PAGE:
Tag Archives: Bill Hunter

Applying Improvement Concepts and Tools to Your Daily Life

This month the ASQ Influential Voices is taking a bit different approach. This month we are looking at applying quality tools in our personal life based on the post from other influential voice, Sunil Kaushik: How Lean Helped Me Travel To Egypt With Just $500.

Sunil is on a nomadic trip around the world to learn and enjoy the experience while also helping others applying lean thinking.

I just returned from my own nomadic adventure.

John Hunter at Marble Mountain - Buddha  statue in background

John Hunter, in a cave at Marble Mountain, Da nang, Vietnam. This is one of my last stops before returning home. See more of my travel photos

I have experience applying quality tools since I was a kid being guided by my father. Another influential voices author, that I met in Hong Kong when I presented a a Deming seminar, included a mention of that connection in his post: Quality Life and Succession.

In this blog I write about using management improvement thinking in my personal life. That extends from management concepts such as optimizing the entire system and not getting trapped by habit or convention, for example in: The Aim Should be the Best Life – Not Work v. Life Balance.

My father applied these ideas in our family life and so naturally they formed my way of thinking. At the core was a focus on experimentation and focusing on what was important. It is easy to spend a lot of time on things that really are not that important and questioning if the actions we are taking is really what we should be doing based on the most important aims was a natural part of how we thought growing up. In order to experiment effectively you need to be able to understand data and draw appropriate conclusions (post on an experience with my father as a child: Playing Dice and Children’s Numeracy).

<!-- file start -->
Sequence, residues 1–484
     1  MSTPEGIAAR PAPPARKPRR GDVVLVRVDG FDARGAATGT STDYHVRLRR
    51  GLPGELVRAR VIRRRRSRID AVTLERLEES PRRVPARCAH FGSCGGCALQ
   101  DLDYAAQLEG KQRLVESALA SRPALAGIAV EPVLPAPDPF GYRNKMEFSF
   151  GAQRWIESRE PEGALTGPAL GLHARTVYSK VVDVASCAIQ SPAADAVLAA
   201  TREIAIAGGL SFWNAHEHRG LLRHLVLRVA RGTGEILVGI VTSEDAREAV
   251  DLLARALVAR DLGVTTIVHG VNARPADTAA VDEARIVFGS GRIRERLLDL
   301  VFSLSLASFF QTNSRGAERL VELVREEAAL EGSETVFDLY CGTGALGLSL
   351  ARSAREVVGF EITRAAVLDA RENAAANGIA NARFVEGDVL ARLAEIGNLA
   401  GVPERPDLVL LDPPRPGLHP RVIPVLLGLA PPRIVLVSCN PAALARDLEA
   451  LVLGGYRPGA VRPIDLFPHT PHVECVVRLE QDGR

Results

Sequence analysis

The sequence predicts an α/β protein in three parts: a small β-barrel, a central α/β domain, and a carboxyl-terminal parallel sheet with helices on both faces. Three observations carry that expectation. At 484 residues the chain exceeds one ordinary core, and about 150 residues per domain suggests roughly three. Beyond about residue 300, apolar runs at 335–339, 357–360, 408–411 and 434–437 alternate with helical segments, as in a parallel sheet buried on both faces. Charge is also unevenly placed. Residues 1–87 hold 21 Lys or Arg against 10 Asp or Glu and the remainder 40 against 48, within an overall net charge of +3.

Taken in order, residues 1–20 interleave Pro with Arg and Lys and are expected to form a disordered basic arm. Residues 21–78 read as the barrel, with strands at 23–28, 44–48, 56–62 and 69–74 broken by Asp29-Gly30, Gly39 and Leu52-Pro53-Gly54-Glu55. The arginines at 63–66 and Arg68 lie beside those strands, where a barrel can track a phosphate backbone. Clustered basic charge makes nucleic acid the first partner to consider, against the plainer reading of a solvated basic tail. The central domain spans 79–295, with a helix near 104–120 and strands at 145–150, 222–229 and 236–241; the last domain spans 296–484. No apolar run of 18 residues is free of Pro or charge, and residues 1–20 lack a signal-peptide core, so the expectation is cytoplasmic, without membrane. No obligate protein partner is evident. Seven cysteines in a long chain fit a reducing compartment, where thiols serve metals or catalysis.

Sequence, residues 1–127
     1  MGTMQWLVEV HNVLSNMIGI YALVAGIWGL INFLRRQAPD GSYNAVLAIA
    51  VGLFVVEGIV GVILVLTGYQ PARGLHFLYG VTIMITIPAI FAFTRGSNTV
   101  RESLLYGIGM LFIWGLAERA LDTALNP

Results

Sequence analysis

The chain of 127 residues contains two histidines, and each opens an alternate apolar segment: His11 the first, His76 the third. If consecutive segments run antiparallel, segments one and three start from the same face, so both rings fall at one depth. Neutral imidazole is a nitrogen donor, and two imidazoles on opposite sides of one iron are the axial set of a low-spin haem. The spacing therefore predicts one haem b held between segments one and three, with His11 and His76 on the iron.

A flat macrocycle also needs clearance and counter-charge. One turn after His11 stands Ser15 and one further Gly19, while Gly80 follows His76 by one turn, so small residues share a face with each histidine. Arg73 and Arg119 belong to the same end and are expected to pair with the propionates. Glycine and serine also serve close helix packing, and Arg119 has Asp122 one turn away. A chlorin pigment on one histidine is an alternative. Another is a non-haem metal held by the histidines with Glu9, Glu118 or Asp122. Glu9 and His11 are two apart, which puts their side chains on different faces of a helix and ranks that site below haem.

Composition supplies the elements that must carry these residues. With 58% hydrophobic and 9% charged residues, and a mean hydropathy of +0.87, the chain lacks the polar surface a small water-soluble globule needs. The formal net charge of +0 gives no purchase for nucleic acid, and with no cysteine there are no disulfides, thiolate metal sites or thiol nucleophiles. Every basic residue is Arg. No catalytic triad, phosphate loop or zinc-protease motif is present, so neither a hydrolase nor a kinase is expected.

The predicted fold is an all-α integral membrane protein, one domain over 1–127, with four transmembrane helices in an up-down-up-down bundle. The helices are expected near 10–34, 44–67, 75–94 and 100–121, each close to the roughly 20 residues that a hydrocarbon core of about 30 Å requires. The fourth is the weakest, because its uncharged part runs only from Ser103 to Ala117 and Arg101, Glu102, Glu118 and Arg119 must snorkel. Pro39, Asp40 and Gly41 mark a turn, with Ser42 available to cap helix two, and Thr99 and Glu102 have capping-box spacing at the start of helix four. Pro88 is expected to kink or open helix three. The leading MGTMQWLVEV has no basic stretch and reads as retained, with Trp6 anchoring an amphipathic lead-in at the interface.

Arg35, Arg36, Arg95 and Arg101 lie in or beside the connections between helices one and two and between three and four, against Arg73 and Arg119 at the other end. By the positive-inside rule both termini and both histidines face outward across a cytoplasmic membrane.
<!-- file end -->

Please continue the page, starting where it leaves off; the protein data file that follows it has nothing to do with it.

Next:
Also we would look at what wasn’t giving the results we desired and experiment on how to improve. I include in “results” the happiness or frustration the process causes (so as a kid this was often the frustration my brother and I had in doing some task we didn’t want to do – cleaning our room, doing homework etc. and the frustration our parents felt at having to continually bring us back onto task). Much of this effort amount to setting the understanding and incentives and process to get better results (both the end results and increasing happiness and reducing frustration of all of us in the family).

A concept I use a good deal in my personal thinking on a more concrete level is mistake proofing (or at least mistake making less easy). Many people do this, without really thinking that is what they are doing. But by thinking of it consciously I find it helps you design processes to be most effective.

Continue reading

The Aim Should be the Best Life – Not Work v. Life Balance

My father had the most job satisfaction of anyone I have known. He had no separation between work and life. We toured factories on vacation. I visited Davidson College in North Carolina because he was consulting with a client in Charlotte before we went up to Duke and North Carolina for visits and asked the CEO what school I should visit. His grad students would call the house frequently.

Many of his best friends were colleagues. That is how I grew to know people like George Box, Brian Joiner, Soren Bisgaard and Peter Scholtes as I grew up. Various permutations of our family lived overseas based on his jobs in London (before kids), Singapore, Nigeria and China. Those experiences dramatically impacted all our lives and they were not about separating work from life.